The big question is which of the many thousands of DNA differences between individuals are responsible for increasing or decreasing their risk of developing a given disease. The historic record of evolution can provide some answers. We can read it as the differences in DNA between species, for example human versus mouse. The pattern of differences between species can reveal functionally important regions of DNA. Contrasting the between species pattern with the differences between people can point to the critically important changes that influence disease risk.

More broadly, we compare how DNA has changed between species with the differences between people. This allows us to study why and where DNA changes (mutations) arise, and what the functional consequences of those changes are. We are applying these methods to understand the genetic basis of many rare and common diseases.

Research Interests

We are endeavouring to understand the processes of selection and mutation that are acting to shape genomes. It is well known that selection shapes the pattern of genomic changes that accumulate as populations diverge from a common ancestor. This has proven to be a very useful signature for the identification of functionally important regions of the genome. But it is becoming increasingly clear that variation in the pattern of new mutations can also generate superficially similar signals. Improved separation of these confounding evolutionary signatures is crucial if we are to understand how organisms evolve, and to relate contemporary genetic changes to human biology and disease.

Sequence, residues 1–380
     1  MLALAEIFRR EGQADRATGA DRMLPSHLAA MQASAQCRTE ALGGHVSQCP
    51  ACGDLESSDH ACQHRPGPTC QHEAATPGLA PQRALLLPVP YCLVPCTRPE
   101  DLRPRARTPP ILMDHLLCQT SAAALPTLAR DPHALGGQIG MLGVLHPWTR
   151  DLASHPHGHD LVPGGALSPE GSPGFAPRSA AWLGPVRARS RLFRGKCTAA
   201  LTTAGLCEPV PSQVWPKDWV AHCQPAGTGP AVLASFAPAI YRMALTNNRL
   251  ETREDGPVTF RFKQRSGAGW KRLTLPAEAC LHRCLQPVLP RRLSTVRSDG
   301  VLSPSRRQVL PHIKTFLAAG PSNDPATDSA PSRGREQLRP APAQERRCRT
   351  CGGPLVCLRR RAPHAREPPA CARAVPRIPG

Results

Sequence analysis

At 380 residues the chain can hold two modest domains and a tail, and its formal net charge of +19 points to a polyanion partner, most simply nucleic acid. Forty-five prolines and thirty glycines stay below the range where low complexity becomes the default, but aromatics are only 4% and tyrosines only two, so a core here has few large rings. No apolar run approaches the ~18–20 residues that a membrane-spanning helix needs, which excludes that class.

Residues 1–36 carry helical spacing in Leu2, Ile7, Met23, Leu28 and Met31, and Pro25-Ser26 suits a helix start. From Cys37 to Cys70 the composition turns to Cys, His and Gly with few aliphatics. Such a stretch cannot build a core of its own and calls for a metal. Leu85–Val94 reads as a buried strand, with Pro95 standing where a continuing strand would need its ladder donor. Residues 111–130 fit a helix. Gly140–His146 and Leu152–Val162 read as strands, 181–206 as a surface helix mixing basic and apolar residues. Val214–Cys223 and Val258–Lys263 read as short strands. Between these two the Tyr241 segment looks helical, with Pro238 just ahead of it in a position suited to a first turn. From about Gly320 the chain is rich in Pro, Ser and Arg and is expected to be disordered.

This work is multi-disciplinary, operating at the intersection of population genetics, evolutionary genomics and functional genomics, we integrating and processing large (multi-genome scale) datasets. Genetic changes that have accumulated between species tell us about the combined effects of both mutation pattern and selection. In contrast, mutations that are still segregating in populations (as rare variants or polymorphisms) show the same impact of mutation but the consequences of selection are more subtle. We leverage the differences of between-species and within-species variation to separate the patterns of mutation from those imposed by selection.